His keys rattled as he tried again. The lock was old and rusted, and would fight against being turned–a desperate battle that often left Fischer with aching fingers. He’d talk to Rachel in the morning–he’s told her for weeks now to get it fixed.
The lock finally submitted, and as he turned from the door he heard leaves rustle, and the hairs on the back of his neck stood rigid. It was a windless night.
The last patient that evening had been Patches Shane, who irked Fischer like a painting with scattered lines and arbitrary colors hinting at a meaning beyond face value–a meaning incomprehensible, yet haunting. Patches–or Pat as he preferred–was tall, thin, well built, and had a handsome face which was marred by shadows lining his pale, scared, compassionate eyes.
Fischer couldn’t pinpoint exactly why he sat further from Pat than he did his other patients, or why his hand trembled when they shook, or why he failed to return a smile when Pat cordially greeted him four times a week, always on time. Maybe he was just paranoid–but he didn’t think so.
Fischer was a renowned psychiatrist–if asked, he would rank himself top five in the state. And the Federal Bureau of Eugenics, a division of the FBI that regulated the human gene pool, certainly thought so, considering how much they were paying him to take on Pat Shane as a patient.
But the sessions with Pat went nowhere. Pat would sit on Fischer’s black leather sofa just to tell story after meaningless story built out of cracked glass and wet tape.
“So how are you today, Pat?” Fischer would begin.
“Good, Doctor. And yourself?”
“Fine, fine. Everything’s fine,” Fischer said. He always lied when asked.
He pushed back his chair and crossed his legs before continuing, speaking only once he felt secure.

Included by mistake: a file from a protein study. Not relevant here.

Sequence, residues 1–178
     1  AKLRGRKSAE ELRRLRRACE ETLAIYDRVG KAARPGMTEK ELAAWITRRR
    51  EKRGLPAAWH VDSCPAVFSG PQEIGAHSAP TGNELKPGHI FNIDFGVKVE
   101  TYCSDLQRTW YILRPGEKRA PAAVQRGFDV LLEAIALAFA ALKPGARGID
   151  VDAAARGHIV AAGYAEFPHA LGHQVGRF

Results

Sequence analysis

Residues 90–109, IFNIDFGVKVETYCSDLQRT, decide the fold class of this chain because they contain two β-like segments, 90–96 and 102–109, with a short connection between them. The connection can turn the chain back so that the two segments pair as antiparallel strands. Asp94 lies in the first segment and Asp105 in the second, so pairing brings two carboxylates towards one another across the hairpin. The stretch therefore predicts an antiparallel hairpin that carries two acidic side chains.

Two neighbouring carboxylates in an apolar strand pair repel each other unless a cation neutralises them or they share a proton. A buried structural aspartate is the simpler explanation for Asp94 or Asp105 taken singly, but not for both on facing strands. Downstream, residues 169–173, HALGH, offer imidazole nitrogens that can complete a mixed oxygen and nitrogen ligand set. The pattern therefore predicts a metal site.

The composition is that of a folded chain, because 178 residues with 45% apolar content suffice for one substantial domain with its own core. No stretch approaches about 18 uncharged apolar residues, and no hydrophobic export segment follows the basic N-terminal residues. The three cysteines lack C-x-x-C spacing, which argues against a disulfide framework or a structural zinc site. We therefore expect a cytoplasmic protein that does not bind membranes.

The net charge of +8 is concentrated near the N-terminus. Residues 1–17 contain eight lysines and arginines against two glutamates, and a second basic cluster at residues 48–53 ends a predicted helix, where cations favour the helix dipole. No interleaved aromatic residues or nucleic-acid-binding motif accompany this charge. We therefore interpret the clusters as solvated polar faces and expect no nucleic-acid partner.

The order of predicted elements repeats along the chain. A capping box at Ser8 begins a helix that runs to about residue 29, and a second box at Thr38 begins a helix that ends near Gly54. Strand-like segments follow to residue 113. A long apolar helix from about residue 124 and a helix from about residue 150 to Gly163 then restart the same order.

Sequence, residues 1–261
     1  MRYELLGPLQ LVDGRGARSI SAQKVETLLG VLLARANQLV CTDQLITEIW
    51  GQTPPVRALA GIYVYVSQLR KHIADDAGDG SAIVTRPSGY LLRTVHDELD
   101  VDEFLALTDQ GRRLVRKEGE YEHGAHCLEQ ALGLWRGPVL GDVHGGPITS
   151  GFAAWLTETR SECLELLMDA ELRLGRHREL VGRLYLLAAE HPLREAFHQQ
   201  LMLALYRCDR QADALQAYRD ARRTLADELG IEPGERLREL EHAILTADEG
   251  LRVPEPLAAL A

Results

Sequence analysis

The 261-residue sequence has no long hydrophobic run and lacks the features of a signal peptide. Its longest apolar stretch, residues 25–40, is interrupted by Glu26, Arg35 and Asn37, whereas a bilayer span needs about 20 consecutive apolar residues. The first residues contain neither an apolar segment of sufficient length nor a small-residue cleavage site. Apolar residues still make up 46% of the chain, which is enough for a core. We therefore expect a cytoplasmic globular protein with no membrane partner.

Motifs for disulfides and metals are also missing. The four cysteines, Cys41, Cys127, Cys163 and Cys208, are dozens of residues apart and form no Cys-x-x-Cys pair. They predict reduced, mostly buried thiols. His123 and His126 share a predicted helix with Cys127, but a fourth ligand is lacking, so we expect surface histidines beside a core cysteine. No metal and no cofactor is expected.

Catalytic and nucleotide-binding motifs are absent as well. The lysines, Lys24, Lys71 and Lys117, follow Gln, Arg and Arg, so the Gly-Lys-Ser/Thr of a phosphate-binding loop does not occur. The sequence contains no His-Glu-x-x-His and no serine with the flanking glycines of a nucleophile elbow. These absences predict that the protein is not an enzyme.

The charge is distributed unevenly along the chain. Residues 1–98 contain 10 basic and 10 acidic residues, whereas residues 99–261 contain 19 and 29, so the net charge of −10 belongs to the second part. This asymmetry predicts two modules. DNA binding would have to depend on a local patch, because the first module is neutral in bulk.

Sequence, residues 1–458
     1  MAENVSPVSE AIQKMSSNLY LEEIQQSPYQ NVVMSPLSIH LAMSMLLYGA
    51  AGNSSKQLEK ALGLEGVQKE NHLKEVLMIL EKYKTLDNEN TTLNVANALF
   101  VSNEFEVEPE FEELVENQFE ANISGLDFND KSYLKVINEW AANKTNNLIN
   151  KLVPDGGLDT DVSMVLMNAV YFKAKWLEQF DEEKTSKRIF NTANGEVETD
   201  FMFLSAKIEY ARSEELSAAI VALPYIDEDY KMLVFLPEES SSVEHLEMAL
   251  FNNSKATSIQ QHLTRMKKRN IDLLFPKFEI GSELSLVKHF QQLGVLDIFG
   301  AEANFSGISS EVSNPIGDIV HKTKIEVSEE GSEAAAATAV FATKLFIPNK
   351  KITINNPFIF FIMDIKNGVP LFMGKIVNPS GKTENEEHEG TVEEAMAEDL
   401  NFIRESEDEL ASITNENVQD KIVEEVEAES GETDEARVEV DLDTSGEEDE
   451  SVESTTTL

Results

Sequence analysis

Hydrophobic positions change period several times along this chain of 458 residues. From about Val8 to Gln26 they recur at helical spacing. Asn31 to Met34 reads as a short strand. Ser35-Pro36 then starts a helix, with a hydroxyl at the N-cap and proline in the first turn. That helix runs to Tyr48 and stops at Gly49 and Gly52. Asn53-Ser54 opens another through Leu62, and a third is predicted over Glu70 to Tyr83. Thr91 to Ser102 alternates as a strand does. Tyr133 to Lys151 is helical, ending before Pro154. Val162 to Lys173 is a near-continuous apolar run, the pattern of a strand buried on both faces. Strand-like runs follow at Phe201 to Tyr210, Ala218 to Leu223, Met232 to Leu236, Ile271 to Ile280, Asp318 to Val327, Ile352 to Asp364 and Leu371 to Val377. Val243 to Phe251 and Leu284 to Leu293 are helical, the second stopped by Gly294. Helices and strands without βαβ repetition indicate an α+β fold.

“So tell me, Pat. Have you been able to relax?”
Pat would smile, but Fischer routinely noted that he only did so with his mouth–his eyes remained pale and expressionless.
“More so than I’ve been in years,” he would say slowly. “Thanks entirely to you and the Bureau.”
Fischer always took note of Pat’s responses for his files, which he sent copies of to the Bureau every week. Although this case was complex, his job was simple: confirm Pat’s mentality as stable before green-lighting his highly sought-after genes.
Pat had been Fischer’s patient for about a year, and in that time he’d maintained a normal lifestyle. Or so it seemed. Fischer knew he was hiding something. But what?
Fischer wasn’t quite yet sure, but during today’s session a new door opened in the mystery–interesting because the session went, for lack of a better term, poorly.
About halfway into their session, Pat had an episode, something the FBE had warned Fischer about but something he’d yet to see.
It began out of nowhere. Pat had been paralyzing Fischer with a detailed, yet fabricated retelling of a fishing trip, when he stopped speaking and his eyes widened. Fischer began scribbling on his notepad. He watched Pat’s hands twitch, eyes dart, and his already pale complexion become translucent.
Then Pat stood, and Fischer fingered the FBE issued panic button in his pocket as he withdrew a sedative from his drawer.
“Relax, Pat,” Fischer said. No response.